One of my favorite things to do during the summer time is grab a huge bag of padron peppers, marinate them in olive oil, then fry 'em up in a pan and dash them with kosher salt. I think I could eat hundreds of them in that format, just continuously lifting them towards my mouth—one by one—and biting into that green bit of savoriness.
But once I start doing that I'm going to need something cold and refreshing. Like the new 2014 Alkoomi Frankland River riesling from Western Australia. This wine is a like cold, crisp dream of fresh acidity and steely minerality, but with a core of ripe stone fruit that haunts you from within. Like the peppers, I think I could probably drink hundreds of bottles of this wine.
Plus, it pairs with just about anything. Spinach tortellini? Why not. Just about anything works with dry riesling.
For the beef course, I decided to keep the "down under" theme going and reached for the new 2013 Te Mata "Awatea" Bordeaux Blend from New Zealand. I didn't do much decanting, but it didn't matter. The wine is so tasty right from the bottle. I did mention to my parents, however: "It's only going to taste better tomorrow, so you two might be fighting over who gets what's left in the bottle." With subtle hints of dark fruit, plush tannins, and soft layers of richness, the 2013 Awatea is an understated wine, but one that brings a diminutive and delicious pairing for basic dishes like steak and vegetables. I'll probably buy at least a half-case of this before we run out. It'll hold up over the next decade and only get better with time.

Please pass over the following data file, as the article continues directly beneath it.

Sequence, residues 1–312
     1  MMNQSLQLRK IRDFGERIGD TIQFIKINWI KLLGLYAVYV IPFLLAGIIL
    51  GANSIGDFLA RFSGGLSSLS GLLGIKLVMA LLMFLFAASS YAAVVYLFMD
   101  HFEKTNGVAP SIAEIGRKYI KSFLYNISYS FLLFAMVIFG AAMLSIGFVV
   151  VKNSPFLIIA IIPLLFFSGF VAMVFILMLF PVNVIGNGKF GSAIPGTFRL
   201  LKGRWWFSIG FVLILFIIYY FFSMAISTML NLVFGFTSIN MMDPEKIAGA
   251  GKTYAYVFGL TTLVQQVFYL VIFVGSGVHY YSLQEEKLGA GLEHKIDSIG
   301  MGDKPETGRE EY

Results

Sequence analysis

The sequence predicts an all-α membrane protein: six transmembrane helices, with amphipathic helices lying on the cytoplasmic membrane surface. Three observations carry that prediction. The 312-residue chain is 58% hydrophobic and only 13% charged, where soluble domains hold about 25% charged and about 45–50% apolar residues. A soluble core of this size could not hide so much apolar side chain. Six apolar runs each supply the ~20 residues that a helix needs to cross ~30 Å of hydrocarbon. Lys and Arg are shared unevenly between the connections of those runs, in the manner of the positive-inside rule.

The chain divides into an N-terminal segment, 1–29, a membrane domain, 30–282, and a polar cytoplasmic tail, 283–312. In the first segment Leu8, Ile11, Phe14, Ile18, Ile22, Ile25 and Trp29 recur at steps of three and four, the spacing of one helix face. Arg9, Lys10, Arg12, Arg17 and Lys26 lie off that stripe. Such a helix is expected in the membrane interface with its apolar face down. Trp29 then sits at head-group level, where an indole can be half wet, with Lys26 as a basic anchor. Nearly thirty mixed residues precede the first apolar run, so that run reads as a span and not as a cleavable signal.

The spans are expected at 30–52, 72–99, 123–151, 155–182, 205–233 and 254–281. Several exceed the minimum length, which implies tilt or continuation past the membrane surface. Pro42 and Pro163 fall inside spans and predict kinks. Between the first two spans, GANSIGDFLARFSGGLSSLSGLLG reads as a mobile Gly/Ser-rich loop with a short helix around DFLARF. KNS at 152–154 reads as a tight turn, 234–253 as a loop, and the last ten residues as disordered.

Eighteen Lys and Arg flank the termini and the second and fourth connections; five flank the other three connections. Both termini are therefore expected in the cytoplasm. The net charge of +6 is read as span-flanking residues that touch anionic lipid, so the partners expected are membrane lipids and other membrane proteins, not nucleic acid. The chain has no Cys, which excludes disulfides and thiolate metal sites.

The great wines from Australia and New Zealand are so underpriced right now it's insane. They're where Bourbon was in 2006—the quality and availability are at an all time high, but the prices are still relatively quite low. I love that we're getting in on the ground floor here, pounding bottles of amazing quality one after the other like it's no big deal. It's exciting and reminiscent of the old days of liquor!
Speaking of liquor, my family is still old school when it comes to the after-dinner course: grappa and coffee will always rule the post-meal protocol. Our most-popular (and best, in my opinion) Tuscan producer—Sesta de Sopra—makes a straight sangiovese grappa, and a second one that sees a bit of barrel maturation. Neither are sold in the U.S. at the moment, but much like we did with their Rosso di Montalcino and Brunello wines, we'll be fixing that problem very shortly. Watch for these lovely little bottles before the end of the year. Just because no one else is drinking grappa doesn't mean that I'm going to starve! I'll drink it all myself if I have to!